Dear Superintendent Juneau,
In the past months, you have made it your mission to make the district more equitable by ending the Highly Capable Cohort (HCC). We know from firsthand experience that the HCC program has its flaws, and we appreciate that you want to make it equitable for all. However, we don’t believe that your approach to this issue is appropriate.
Despite your good intentions, The Messenger feels that your perspective on the issue and the words you have used have alienated the people you are attempting to help. By using terms like “slave ship” and “Apartheid High” to describe the most racially diverse high school in Seattle, you not only disrespect and belittle the students of Garfield, you also oversimplify the effects of a complex issue the district created in the first place.
The term “Apartheid High” was born out of a history of segregation and racial conflict at Garfield — and the student body is very aware of this. However, this language is extremely outdated. Today it sounds less like a word that a Garfield student would use, and more like a slogan that has been dug up to garner public support for your agenda.
Your efforts to turn the public against HCC has taken a toll on the students at Garfield. By unjustifiably targeting Garfield and using our school as an example for everything wrong with HCC, you are contradicting your mission of serving us, the students. Talking about us, rather than with us, will do little to fix the district’s mistakes.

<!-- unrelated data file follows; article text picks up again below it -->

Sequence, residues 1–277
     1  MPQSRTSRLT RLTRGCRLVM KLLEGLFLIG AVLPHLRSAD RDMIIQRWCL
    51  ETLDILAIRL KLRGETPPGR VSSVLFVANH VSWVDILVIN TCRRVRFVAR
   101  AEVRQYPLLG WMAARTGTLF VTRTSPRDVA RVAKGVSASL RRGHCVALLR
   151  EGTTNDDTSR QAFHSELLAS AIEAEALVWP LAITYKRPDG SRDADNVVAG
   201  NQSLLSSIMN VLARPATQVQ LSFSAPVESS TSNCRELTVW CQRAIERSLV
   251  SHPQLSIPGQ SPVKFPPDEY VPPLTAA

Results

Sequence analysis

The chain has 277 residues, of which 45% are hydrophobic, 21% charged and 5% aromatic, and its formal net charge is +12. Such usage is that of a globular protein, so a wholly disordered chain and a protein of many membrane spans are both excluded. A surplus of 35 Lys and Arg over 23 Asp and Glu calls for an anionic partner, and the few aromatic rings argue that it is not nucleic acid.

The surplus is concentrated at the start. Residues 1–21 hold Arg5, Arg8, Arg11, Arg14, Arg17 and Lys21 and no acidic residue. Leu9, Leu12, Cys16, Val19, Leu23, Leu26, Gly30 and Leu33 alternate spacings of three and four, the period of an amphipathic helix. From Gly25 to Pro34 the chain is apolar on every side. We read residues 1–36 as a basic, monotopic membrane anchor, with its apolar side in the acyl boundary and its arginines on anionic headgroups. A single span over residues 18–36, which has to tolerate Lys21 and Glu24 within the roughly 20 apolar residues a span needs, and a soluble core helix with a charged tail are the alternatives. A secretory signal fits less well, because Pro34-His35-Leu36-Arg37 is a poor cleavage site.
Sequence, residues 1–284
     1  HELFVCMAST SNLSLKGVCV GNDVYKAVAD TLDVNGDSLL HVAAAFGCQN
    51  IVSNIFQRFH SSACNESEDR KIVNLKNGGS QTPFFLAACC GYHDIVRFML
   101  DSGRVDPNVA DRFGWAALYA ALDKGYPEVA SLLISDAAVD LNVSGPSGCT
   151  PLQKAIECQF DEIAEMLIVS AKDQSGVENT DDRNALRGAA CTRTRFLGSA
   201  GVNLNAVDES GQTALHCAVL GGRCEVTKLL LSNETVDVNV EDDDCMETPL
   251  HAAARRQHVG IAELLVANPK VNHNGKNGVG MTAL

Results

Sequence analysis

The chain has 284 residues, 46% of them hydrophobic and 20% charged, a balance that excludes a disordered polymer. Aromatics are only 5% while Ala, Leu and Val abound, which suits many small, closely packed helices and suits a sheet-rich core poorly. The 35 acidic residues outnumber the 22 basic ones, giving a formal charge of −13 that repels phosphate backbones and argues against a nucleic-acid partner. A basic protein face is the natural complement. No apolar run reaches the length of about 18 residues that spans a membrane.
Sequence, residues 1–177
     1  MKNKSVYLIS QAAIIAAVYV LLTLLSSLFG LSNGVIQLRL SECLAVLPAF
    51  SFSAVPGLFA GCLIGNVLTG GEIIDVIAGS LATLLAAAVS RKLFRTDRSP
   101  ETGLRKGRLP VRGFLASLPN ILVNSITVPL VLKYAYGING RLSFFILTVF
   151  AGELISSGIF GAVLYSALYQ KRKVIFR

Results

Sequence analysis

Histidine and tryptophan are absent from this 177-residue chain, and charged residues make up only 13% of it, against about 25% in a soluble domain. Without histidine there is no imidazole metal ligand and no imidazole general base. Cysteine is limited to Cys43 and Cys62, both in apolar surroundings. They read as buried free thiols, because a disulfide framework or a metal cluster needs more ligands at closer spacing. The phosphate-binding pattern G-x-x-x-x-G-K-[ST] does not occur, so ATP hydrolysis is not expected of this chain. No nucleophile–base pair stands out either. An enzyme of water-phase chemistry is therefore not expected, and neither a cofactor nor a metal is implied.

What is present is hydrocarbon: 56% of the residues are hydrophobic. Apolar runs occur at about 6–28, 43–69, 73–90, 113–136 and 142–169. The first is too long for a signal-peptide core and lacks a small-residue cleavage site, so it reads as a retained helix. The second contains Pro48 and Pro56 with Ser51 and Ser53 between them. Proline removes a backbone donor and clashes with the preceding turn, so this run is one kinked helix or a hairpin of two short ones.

We are not another piece of evidence for your campaign. We are not the sole example of what a racist school looks like. This narrative you are perpetuating simplifies broader racial issues and paints an inaccurate, black-and-white depiction of our diverse community. Instead of working towards unity and pushing for true reform, your loaded language overlooks the many ways Garfield is impacted by HCC. It also overlooks the other schools and families that are impacted by HCC.
If you are truly urging the community to pay attention to the voices of students, please do so yourself first. Instead of relying on snippets from the few students you spoke to, take the time to truly connect with our student body. Instead of visiting our school on Purple and White, come in on a regular school day and talk to us.
Garfield is not a slave ship — it is a school. A school which brings together students from all walks of life to learn together under the same roof. A school that we are proud to attend. And it’s time you begin to treat it that way.
The Garfield Messenger